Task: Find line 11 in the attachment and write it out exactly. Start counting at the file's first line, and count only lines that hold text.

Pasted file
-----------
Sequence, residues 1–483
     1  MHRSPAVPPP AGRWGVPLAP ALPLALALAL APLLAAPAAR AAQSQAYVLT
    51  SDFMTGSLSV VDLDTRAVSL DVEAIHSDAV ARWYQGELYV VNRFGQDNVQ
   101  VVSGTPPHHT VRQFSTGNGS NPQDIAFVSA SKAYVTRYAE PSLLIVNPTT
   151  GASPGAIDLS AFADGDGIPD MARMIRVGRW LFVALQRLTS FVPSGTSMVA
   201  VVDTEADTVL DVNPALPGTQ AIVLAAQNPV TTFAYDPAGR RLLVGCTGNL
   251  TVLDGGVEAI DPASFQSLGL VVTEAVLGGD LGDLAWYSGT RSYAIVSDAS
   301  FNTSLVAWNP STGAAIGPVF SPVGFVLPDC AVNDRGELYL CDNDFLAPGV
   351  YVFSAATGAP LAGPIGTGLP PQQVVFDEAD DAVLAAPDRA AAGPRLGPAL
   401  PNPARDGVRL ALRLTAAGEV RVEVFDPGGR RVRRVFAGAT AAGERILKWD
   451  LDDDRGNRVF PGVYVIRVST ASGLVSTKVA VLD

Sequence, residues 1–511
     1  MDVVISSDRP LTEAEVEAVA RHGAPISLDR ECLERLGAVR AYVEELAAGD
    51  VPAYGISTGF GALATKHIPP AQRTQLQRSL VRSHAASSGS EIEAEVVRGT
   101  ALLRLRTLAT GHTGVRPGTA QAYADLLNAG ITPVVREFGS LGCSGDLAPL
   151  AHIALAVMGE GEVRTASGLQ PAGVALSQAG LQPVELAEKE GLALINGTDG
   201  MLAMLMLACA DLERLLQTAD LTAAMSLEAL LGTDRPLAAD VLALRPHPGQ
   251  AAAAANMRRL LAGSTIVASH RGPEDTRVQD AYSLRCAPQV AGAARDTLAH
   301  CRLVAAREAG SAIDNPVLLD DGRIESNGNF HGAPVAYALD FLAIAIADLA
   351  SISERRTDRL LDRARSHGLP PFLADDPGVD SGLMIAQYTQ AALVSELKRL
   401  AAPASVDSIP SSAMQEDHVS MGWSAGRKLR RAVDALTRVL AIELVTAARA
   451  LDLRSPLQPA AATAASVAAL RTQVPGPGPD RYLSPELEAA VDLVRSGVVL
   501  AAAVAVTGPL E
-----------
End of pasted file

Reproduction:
   451  LDDDRGNRVF PGVYVIRVST ASGLVSTKVA VLD